Other drivers that I liked included David Coulthard, Mikka Hakkinen, and later Mark Webber. I was more of a Prost fan than Senna; Mansell was never it for me. I also never took a shine to Damon Hill, Jacques Villeneuve, or Lewis Hamilton. (I can't believe that Fernando Alonso is still racing; he was never my favourite but he has stood the test of time).

I catch the odd sports news items and the names of winning drivers, but I really haven't paid the sport much attention for a decade.

This Netflix series... well, my interest is sparked. The only thing - maybe showing my age - is that it seems to me that these young whippersnappers are quite spoilt and entitled. Looks to me too that the whole 'team' aspect of F1 is absent. Sure, there would have always been rivalries within teams for the number 1 driver seat, but I can remember where teammates sometimes worked together - there was strategy - to get a win or highest placing for the team, not self. Along the lines of how a cycling team gets their main contender to the front. Boom - that's all gone now. 

And I definitely do not remember as many stupid crashes. These young guns trash cars in qualifying and racing through too risky and quite stupid manoeuvres. This takes them out of the race and stuffs up things for their team with constructor points. Sure, push hard and drive on the edge, but when you're DNF-ing, you blow it for everyone that works so hard to get them on the start line. There seems to be a lot of team hopping too - drivers after the next best offer.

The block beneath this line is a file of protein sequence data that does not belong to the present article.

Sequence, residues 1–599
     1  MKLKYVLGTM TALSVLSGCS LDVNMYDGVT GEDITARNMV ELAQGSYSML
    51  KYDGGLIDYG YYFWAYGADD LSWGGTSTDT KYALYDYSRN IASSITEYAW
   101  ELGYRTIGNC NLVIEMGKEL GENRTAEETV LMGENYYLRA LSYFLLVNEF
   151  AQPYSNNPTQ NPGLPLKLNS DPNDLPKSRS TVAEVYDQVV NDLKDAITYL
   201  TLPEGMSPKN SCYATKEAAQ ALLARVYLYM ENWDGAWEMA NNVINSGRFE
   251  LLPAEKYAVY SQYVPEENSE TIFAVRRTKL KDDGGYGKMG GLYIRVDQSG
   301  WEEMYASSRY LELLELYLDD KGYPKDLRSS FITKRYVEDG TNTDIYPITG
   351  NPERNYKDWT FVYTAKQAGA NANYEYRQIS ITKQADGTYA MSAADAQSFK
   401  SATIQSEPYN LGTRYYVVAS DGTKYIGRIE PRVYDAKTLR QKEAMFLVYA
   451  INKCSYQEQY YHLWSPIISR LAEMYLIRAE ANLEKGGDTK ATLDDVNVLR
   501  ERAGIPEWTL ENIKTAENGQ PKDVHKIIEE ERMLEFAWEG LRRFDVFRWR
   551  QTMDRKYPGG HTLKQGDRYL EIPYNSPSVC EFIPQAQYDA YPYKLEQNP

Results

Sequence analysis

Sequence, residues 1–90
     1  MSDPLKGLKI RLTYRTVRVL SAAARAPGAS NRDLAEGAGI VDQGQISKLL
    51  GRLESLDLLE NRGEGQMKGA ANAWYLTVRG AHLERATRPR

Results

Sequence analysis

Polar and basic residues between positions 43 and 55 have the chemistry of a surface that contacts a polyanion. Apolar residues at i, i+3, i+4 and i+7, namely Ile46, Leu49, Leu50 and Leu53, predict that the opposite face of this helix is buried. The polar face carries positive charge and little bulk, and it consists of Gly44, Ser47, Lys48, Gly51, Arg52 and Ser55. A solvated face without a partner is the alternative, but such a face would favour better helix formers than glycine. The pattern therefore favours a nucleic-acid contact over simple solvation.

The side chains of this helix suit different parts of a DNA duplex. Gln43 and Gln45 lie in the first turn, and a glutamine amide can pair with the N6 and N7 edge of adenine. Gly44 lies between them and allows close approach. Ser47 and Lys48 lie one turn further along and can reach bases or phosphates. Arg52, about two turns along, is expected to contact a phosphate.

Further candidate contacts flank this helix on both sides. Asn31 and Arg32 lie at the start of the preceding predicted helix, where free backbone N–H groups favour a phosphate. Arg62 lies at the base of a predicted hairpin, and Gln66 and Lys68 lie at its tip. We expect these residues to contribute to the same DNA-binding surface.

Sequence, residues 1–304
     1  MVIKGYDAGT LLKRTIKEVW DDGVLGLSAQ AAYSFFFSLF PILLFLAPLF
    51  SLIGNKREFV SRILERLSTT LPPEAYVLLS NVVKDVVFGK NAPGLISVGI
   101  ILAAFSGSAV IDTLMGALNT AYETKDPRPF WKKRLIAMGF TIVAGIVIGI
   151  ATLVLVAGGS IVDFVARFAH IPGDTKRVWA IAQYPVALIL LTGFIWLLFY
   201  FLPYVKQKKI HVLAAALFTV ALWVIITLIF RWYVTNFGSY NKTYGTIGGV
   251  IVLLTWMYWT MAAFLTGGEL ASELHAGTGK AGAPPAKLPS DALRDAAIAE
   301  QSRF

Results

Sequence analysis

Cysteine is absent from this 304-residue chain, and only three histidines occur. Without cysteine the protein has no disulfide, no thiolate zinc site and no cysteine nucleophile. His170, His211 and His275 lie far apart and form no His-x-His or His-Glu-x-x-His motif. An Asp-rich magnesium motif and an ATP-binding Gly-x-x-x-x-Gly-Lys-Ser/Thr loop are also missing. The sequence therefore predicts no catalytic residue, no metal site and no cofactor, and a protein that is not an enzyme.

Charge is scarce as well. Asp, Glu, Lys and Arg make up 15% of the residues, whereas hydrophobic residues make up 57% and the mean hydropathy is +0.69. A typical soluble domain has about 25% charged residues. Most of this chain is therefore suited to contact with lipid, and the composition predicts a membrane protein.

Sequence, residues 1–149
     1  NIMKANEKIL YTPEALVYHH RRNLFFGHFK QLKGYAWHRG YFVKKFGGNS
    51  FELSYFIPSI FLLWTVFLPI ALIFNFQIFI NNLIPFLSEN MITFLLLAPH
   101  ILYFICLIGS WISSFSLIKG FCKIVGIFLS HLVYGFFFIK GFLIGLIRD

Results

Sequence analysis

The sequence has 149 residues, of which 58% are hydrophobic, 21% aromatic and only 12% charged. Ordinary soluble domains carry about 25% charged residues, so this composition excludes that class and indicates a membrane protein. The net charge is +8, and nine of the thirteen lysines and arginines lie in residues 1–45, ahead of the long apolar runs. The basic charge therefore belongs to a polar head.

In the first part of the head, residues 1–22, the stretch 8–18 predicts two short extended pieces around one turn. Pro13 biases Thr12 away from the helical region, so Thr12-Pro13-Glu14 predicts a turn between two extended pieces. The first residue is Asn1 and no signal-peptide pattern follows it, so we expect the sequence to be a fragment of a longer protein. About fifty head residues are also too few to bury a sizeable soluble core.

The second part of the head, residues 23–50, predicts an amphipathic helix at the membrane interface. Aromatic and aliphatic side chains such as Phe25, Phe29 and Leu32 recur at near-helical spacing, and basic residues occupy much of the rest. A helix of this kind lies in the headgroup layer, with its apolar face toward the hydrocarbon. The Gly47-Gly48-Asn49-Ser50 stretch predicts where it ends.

Suffice to say, I run a bit of my own parallel commentary while watching the show... I am enjoying meeting the drivers and I'm looking for candidates to be 'my' driver. 

Even if you have never watched a day of Formula 1 in your life and you don't get how people can watch cars going around and around and around a race track, watch this show. Of course, it has a bit of a reality-tv spin, but other insights - cars, drivers, teams, technology, money - are really quite interesting. 

There is a race this weekend. I'll be checking out the line-up.